So let me preface by saying that I am a career changer and am already sort of nervous about this shift.
I tend to ruminate on things and am in the middle of getting everything ready for my transition into nursing. I will be doing a CNA program soon, and then get into an RN program.
I recently started freaking out about the infectious nature of nursing overall.
I'm not so much concerned with the "dirty" part of the job as much as I am concerned that I might catch something fatal, or end up contracting something dangerous.
I've been doing research into needlestick injuries and the concern for HIV or hepatitis. I've also read stories about nurses being in positions where they ended up hurting themselves because of the environment of the hospital itself.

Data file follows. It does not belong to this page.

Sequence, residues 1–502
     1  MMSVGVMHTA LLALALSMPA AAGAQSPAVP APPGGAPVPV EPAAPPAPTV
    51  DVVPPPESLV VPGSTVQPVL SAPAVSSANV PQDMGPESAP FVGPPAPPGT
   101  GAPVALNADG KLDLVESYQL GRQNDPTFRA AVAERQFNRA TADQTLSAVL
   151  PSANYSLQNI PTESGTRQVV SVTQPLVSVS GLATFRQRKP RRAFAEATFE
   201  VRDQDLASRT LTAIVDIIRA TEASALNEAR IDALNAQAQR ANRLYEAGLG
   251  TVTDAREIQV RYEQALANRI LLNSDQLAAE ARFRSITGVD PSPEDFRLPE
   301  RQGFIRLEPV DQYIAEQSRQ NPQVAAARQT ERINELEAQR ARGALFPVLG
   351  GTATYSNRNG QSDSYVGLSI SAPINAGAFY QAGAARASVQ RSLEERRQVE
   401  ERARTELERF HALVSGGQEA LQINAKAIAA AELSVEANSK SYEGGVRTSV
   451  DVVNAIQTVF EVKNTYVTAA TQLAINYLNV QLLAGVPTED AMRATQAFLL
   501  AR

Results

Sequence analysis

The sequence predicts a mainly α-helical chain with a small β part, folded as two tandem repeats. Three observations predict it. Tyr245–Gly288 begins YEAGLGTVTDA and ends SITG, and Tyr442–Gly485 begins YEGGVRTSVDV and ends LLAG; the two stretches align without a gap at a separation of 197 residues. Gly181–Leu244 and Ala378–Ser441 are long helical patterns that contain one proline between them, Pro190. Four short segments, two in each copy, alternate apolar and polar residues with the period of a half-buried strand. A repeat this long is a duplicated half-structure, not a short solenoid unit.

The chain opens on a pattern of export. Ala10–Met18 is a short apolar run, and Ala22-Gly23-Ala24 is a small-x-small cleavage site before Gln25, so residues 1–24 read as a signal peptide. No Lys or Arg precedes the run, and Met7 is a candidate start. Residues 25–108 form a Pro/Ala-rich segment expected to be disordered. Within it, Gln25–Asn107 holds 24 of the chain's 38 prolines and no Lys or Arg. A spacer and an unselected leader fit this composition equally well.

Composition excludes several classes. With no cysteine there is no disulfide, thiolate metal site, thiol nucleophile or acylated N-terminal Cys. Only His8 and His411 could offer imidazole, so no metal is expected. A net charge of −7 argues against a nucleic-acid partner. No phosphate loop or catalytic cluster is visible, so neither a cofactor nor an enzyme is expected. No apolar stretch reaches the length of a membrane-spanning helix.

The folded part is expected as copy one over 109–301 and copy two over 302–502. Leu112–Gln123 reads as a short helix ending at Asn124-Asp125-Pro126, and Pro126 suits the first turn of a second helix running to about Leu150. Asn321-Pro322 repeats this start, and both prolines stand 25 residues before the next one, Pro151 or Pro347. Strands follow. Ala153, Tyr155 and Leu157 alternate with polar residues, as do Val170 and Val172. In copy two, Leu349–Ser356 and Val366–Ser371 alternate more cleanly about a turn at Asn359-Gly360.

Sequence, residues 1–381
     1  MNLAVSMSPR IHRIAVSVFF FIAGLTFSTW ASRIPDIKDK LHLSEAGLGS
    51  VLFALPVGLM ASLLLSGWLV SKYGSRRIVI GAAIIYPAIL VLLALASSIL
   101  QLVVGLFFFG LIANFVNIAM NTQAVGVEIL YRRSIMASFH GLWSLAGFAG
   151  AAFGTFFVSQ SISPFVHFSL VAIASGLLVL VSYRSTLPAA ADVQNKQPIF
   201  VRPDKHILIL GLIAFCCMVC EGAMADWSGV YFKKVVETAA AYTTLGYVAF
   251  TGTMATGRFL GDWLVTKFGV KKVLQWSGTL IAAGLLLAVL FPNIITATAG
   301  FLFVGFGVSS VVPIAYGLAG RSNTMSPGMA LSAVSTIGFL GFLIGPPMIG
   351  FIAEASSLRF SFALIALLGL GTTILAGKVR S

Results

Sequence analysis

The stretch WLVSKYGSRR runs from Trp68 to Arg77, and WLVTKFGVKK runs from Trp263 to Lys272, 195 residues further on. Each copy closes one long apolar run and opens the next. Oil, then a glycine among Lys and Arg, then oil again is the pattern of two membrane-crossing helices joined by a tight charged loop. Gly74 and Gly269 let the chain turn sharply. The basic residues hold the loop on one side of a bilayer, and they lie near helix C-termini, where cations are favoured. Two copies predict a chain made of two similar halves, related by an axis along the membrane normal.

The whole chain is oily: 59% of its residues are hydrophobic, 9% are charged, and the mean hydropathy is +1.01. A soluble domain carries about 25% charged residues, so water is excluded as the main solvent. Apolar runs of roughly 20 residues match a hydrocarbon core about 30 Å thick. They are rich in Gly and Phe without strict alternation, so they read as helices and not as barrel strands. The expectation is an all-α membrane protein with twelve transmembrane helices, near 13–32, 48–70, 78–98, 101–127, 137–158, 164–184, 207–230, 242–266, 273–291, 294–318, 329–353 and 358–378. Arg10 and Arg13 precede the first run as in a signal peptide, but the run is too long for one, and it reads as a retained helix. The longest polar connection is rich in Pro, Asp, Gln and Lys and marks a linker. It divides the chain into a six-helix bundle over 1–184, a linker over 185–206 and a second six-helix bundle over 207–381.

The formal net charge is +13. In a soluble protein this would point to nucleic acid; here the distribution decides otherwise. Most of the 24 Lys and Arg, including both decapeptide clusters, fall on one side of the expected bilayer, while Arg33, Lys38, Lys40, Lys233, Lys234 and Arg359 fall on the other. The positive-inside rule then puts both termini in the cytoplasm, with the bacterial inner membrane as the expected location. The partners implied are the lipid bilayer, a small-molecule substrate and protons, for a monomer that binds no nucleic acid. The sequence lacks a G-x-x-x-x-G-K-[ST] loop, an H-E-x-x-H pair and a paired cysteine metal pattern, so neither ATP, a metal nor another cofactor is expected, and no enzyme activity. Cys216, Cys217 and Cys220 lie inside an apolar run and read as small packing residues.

So my basic question is, how much of these situations are able to be controlled through proper techniques and safety protocols? Or, do these things just happen to a bunch of nurses regardless of experience and safety?
Also, how much of these environmental issues have to do with specific hospitals? For example, are some hospitals better at controlling the hazardous nature of the profession by investing more into the hospital versus some other hospital that is trying to cut corners? Or, is this something that is just the nature of the beast?
I'm starting to freak out that every nurse is just at a much higher risk for everything, and the profession is a ticking time bomb that's going to kill everyone that enters it. For example, are there thousands of users on these forums that have contracted HIV through needlestick or are currently dying of MRSA? I feel like I'm just psyching myself out way too much.